Get a scoop. The scoop can be any size as long as you use the same one all the way through. In a third tub, add 6 scoops of base mix and four scoops of extras.
Keep going until you have used up all of your extras. You may have base mix leftover and you can save this for next time. Take a note of how much you used so you know when you need to order more muesli.
And that’s it. Simples. If there are ingredients that your roborovski definitely don’t like and always leave then just try something else. Browse through the whole site and try not to spend all your money!
Some people have had problems with weevils and moth eggs in their rat rations orders. Personally the only problems I ever had was with pre packed commercial bird seed and I’ve not had any issues with rat rations food myself. Nothing is guaranteed though so you can, if you wish, put the unopened food bags in the freezer for 24 hours and then defrost it before mixing it up. This should kill any eggs or larva of any food pests that may be in there.
If you have any questions please ask them below or email me. I’m not a nutritionist I’m sharing my knowledge and experience. If you experience any doubts about the diet you are feeding or if your hamster develops any health concerns please speak to your vet.
Lastly, I do not recommend feeding any foods that alter body chemistry (medicinal herbs) such as fenugreek which lowers blood sugar, valerian which causes drowsiness or dandelion which is a diuretic, as this could harm your pet. Don’t forget your robo is tiny so even small amounts of medicinal herbs can be harmful.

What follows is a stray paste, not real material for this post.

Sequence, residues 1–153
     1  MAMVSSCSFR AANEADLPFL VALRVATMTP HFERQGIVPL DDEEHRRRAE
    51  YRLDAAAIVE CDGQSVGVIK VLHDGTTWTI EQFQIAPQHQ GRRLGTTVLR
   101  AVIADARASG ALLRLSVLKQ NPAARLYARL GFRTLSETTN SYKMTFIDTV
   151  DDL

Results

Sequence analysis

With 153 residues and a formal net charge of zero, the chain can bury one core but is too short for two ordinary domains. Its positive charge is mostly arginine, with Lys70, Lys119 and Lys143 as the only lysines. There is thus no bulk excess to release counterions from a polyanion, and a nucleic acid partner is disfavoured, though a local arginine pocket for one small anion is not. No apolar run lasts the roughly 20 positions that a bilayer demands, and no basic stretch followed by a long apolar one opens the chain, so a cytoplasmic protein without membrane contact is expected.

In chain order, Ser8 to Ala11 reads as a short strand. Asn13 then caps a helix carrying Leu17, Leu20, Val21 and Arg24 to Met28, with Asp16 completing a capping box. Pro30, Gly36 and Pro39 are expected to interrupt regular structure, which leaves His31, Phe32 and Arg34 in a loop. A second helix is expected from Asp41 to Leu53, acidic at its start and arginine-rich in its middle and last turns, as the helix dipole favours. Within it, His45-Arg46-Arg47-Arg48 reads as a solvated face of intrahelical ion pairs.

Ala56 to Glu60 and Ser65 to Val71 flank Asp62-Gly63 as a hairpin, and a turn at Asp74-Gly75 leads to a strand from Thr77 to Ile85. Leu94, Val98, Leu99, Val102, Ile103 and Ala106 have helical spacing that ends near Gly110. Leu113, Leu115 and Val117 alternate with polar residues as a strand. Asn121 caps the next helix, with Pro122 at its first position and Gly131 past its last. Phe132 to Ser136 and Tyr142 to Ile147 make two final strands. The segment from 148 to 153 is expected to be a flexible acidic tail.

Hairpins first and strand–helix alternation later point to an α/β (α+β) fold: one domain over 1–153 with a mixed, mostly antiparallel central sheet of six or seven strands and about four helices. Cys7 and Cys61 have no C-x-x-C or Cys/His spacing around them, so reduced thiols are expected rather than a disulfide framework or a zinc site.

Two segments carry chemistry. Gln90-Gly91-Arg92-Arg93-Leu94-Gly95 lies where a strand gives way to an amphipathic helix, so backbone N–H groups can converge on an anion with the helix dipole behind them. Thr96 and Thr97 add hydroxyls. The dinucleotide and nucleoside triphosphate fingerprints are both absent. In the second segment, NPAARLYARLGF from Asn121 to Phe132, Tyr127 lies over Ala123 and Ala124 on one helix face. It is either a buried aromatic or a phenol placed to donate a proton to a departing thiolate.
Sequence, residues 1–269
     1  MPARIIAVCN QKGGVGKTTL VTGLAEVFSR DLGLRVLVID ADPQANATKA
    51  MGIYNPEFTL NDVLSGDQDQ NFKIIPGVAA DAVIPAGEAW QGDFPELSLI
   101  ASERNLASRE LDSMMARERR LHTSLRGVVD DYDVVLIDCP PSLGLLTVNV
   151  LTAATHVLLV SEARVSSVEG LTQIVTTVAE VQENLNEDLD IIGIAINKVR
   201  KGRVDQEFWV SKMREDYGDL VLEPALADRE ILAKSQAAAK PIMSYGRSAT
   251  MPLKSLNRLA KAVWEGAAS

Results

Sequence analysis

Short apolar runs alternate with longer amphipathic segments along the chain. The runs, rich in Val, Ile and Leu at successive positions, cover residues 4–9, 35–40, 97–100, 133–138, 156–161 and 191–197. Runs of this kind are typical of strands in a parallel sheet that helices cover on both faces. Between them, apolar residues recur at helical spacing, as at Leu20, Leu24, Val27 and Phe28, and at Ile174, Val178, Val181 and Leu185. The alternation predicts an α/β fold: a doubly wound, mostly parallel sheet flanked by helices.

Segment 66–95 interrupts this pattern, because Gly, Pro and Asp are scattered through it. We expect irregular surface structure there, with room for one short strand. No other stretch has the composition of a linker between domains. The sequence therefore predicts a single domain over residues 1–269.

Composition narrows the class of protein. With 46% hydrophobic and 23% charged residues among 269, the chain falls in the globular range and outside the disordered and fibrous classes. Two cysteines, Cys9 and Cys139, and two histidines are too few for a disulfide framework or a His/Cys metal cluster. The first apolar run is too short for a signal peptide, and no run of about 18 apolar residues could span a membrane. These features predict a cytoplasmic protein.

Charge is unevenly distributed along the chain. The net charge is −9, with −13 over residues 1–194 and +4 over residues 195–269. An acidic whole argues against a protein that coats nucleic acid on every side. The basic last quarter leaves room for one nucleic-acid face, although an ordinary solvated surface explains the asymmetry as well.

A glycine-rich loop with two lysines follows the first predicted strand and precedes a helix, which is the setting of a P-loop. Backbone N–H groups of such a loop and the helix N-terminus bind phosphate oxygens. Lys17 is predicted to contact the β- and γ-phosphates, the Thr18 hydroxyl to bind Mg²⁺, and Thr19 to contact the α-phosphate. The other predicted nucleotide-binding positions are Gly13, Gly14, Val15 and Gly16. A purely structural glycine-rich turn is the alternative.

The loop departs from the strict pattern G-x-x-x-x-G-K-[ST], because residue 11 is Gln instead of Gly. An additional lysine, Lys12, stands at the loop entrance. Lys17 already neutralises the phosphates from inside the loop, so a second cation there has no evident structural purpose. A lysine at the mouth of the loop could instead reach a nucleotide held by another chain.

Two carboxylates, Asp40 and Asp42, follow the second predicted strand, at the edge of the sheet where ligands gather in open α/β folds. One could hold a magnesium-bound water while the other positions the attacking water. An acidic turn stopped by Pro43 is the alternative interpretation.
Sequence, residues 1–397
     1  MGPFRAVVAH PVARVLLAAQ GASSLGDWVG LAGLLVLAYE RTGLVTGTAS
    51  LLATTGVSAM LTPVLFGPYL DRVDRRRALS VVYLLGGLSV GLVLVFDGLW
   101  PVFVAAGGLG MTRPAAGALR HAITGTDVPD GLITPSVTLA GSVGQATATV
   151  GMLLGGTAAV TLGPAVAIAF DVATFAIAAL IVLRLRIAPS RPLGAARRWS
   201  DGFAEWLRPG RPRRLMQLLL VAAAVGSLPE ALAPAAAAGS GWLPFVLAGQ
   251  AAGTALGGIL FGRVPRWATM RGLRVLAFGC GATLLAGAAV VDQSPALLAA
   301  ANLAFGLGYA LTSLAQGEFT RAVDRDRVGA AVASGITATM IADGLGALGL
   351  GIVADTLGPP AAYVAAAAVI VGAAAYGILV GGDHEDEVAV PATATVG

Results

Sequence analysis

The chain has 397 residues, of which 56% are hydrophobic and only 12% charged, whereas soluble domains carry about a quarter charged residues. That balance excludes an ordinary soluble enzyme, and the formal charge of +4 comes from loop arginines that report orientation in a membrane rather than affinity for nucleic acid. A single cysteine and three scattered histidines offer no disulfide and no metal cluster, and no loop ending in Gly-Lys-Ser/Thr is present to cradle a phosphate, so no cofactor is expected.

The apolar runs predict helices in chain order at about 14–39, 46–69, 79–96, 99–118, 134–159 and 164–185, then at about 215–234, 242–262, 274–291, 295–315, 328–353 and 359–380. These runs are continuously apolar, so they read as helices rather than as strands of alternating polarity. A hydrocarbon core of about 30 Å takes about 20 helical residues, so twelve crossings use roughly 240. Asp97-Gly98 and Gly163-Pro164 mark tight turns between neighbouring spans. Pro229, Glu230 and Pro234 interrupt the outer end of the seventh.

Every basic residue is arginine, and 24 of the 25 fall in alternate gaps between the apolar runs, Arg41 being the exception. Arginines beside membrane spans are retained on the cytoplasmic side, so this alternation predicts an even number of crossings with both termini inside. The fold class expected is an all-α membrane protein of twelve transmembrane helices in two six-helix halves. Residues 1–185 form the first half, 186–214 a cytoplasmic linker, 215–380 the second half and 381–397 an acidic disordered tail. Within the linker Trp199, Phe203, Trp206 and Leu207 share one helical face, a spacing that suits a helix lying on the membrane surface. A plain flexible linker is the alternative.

One day in March 2020 I got on a bus to go to work and although I was aware that a pandemic was looming, my government assured me that we were still safe in the community unless we had travelled. This turned out to not only be false, but this bus journey was to be the last I would make this year.
I’ve already written a post on my journey through covid but I never expected to still be on the sofa in September.
I have my post embolism recovery (those clots are still there), and my post covid recovery and between the two I feel pretty well battered. Writing on the website takes longer, and more brain power than it did before. Organising tasks ahead of time is nigh on impossible and absolutely everything has to be written down or it’s simply forgotten. I feel angry, sad, lost and isolated at times but also still have moments of happiness and that happiness is in my family, hamsters and dogs.
Breeding wise, the hamstery faces an uncertain future. Whilst I’m hoping to still be able to help out my club and the National Hamster Council in my role as treasurer, my breeding is a different issue. The exertion involved means my husband is already shouldering most of the work for me when it comes to feeding and cleaning. Should my condition become more permanent, I will review burdening him with my hobby when he has his own work to do.
I’m told there are naysayers on social media who claim covid simply does not exist. Perhaps instead of spreading falsehoods online they should count themselves lucky. Lucky that they themselves, their family or friends have not been touched by this illness. Perhaps it’s too much to hope for but I assure the country that I do exist!